During the peak of her career, Ito performed much the same jump content as the top male skaters of the time. She was the first ladies' skater to perform a triple-triple jump combination and the first to perform the triple Axel. In March 1990, Jill Trenary said, "I was in awe of how high she jumps."[7] In 1990, Scott Hamilton said "it will be 50 years before we see anything like Midori Ito again,"[29] and Toller Cranston, the same year, noted that "she is beyond 6.0."[30] Her mastery of triple jumps, including the triple axel, was the start of "a new era in women's skating", before several triple jumps, usually of five different types, became the norm in championship free skating programs.[17]

Ito lit the Olympic Cauldron during the opening ceremonies of the 1998 Winter Olympics.

Ito returned to competitive figure skating in 2011. She competed at the ISU Adult Figure Skating Competition and placed second in her category, Ladies' Masters Elite II.[20][31][32] Ito repeated her second-place finish the following year. In 2013, on her third year competing at the ISU Adult Figure Skating Championship, she took the title with a 12 points margin over the second place.[33][34]



Season Free skating


Season Short program Free skating Exhibition

  • Rhythm of the Rain
    by The Cascades
  • Singin' in the Rain
    by Nacio Herb Brown
  • Over the Rainbow
    by Harold Arlen

  • On My Own
    by Claude-Michel Schonberg
  • Yotei no Matsuri[35]
    by Yasuhiro Sakurada

  • On My Own
    by Claude-Michel Schonberg
  • Fantastic Tango[35]
    by Shinji Wakita

  • Yotei no Matsuri[35]
    by Yasuhiro Sakurada

  • Sweet Dreamer[35]
    by Yoko Takarada
  • Magical City[35]
    by Mika Yamashita
  • Tyrolean fairy[35]
    by Mika Yamashita, Chihiro Yamashita
  • Magical City[35]
    by Mika Yamashita
  • Sweet Dreamer[35]
    by Yoko Takarada
  • Ice Paradice[35]
    by Tokiko Tsunoda
  • Sweet Dreamer[35]
    by Yoko Takarada

  • Unknown
  • Kotoriya-no-Mise (The Bird Shop)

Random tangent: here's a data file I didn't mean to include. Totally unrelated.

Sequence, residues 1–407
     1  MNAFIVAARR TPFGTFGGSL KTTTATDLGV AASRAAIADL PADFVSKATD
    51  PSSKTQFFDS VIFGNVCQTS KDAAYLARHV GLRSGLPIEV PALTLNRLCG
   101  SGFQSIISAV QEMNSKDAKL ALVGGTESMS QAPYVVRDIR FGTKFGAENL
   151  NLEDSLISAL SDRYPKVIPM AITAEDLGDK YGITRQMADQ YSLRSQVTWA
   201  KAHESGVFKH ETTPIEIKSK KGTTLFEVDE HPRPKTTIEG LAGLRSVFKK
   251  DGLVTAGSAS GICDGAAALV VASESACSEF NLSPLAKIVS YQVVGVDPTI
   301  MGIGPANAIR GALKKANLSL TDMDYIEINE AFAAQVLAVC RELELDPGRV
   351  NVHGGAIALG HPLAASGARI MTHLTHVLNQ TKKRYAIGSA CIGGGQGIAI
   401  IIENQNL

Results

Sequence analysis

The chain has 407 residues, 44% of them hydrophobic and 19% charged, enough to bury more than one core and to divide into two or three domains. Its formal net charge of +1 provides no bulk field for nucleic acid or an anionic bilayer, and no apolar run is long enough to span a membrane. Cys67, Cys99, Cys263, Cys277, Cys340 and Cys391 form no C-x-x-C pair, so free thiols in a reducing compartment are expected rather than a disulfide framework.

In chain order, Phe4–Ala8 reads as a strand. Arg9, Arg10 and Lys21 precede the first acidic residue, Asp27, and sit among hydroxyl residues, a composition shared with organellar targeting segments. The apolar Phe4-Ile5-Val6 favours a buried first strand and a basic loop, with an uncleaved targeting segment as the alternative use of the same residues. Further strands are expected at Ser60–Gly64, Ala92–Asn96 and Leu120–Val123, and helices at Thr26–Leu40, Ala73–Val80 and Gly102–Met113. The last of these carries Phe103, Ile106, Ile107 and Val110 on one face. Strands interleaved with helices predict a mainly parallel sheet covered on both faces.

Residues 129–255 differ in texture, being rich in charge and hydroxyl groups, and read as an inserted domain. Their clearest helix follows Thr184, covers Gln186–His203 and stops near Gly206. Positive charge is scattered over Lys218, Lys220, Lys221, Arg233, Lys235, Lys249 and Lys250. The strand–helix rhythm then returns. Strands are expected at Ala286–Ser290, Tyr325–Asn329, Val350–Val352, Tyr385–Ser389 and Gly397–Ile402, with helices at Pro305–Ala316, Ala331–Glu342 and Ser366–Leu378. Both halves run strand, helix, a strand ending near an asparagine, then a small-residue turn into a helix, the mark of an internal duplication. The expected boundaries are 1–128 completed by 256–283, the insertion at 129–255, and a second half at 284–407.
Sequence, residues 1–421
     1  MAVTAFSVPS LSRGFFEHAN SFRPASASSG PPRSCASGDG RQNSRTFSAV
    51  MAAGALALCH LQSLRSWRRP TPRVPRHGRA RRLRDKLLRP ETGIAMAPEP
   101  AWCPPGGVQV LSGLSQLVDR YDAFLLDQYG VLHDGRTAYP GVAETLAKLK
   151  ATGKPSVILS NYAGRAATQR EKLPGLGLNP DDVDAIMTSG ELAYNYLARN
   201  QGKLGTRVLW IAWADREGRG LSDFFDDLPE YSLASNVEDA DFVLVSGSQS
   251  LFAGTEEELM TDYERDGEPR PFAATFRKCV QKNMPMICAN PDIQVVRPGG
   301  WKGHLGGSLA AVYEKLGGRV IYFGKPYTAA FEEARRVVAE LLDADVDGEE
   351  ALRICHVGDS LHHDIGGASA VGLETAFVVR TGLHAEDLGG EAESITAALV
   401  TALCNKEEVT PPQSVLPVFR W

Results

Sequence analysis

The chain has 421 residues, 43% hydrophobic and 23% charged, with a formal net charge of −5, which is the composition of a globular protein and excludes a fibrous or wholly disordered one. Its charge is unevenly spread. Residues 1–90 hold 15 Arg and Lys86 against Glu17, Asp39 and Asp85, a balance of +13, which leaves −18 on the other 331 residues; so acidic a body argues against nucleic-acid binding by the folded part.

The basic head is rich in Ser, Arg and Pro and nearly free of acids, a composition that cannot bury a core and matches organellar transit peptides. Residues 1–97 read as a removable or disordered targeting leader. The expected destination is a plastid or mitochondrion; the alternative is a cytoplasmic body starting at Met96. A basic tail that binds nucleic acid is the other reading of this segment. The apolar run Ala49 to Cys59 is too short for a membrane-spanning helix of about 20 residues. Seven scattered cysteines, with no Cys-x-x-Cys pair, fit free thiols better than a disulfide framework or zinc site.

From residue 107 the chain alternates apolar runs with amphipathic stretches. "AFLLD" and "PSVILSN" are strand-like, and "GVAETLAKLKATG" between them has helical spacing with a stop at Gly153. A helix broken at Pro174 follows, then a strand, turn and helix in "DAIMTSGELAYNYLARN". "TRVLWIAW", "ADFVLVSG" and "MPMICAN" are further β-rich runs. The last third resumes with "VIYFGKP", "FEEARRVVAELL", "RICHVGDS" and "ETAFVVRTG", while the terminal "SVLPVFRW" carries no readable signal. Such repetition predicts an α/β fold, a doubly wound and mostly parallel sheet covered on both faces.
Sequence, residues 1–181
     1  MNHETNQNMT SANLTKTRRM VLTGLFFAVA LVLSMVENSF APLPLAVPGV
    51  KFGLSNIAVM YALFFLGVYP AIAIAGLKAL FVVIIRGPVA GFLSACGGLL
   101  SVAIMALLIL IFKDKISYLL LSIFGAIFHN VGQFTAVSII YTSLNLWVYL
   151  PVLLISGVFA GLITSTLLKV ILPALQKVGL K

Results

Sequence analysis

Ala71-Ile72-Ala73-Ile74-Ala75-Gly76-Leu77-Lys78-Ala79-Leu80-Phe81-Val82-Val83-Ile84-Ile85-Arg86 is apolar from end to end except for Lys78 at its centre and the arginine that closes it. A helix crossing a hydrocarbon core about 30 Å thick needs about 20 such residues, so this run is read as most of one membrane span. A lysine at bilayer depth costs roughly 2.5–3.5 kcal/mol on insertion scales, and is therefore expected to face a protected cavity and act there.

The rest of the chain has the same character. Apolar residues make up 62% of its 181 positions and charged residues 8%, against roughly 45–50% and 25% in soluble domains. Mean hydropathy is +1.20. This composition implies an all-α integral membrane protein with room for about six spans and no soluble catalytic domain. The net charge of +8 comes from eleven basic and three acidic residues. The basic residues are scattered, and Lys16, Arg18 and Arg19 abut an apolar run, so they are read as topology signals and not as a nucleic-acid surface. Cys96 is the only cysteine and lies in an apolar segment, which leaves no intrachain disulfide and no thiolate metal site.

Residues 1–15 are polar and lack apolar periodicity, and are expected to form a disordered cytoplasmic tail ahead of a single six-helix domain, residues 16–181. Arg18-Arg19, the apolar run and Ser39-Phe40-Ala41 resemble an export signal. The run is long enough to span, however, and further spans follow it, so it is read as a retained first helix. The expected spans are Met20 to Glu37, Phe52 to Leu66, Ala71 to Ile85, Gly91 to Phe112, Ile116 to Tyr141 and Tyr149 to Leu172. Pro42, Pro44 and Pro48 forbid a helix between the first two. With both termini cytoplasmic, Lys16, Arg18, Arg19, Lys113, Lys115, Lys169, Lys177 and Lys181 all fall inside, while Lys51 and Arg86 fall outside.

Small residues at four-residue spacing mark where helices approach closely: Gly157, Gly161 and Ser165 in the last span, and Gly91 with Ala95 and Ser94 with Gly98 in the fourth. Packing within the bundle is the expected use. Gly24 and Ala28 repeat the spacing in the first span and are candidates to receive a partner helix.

Event 79–80 80–81 81–82 82–83 83–84 84–85 85–86 86–87 87–88 88–89 89–90 90–91 91–92 95–96
Olympics 5th 2nd
Worlds 7th 11th 8th 6th 1st 2nd 4th 7th
Skate America 2nd 2nd
Skate Canada 1st
Fujifilm Trophy 1st
Int. de Paris 1st
NHK Trophy 1st 1st 2nd 2nd 1st 1st 1st 1st
Prague Skate 1st
International Challenge Cup 2nd
International: Junior
Junior Worlds 8th 6th 3rd
Japan Champ. 3rd 2nd 1st 1st 1st 1st 1st 1st 1st 1st 1st
Japan Junior 1st 1st

Records and achievements[edit]


  • First World Champion from an Asian country (1989).
  • First woman to land a triple-triple jump combination (1981).
  • First woman to land a double loop-triple loop combination (in the short program) (1983).
  • First woman to land five different triple jumps in competition (1983).
  • First woman to land a triple Axel in competition (1988).
  • First woman to land six different triple jumps in competition (1989).
  • First woman to land a triple Axel in the Olympics (1992).


Triple Axel[edit]

Ito landed 18 triple Axels in competition.

1988–89 Aichi Prefecture Championships (FS)
Japanese Free Skating Championships (FS)
NHK Trophy (FS)
Japan Figure Skating Championships (FS)
World Championships (FS)
1989–90 NHK Trophy (FS)
World Championships (FS)
1990–91 East Japan Championships (FS)
NHK Trophy (FS)
Japan Figure Skating Championships (FS)
1991–92 East Japan Championships (FS)
Trophee Lalique (FS)
NHK Trophy (SP(combination with double toe loop), FS(combination with double toe loop))
Japan Figure Skating Championships (SP(combination with double toe loop), FS)
Winter Olympics (FS)
1995–96 Japan Figure Skating Championships (FS)

Media appearances[edit]


  • 伊藤みどりのフィギュアスケート・ライフ努力編 (2006) – ASIN B000O77KHK
  • 伊藤みどりのフィギュアスケート・ライフ人生編 (2007) – ASIN B000OI1BXS
  • 伊藤みどりのフィギュアスケート・ライフ (2007) – ASIN B000SB2ZT0


  • タイム・パッセージ―時間旅行(1993)- ISBN 978-4-314-10081-6
  • 伊藤みどり物語 (1992) – ISBN 978-4-87208-036-0
  • 氷上の宝石―伊藤みどり写真集 (1993) – ISBN 978-4-317-80036-2

In other media[edit]

  • She is briefly seen in the film I, Tonya (2017) played by actress Fi Dieter in an uncredited role.


  1. ^ a b "Mite Makes Right". Sports Illustrated Vault. 27 March 1989. Retrieved 16 June 2019.
  2. ^ a b "Names In The Game". The Associated Press. 25 April 1992. Retrieved 16 June 2019.
  3. ^ "中部英傑伝". Archived from the original on 4 January 2006. Retrieved 2 January 2009.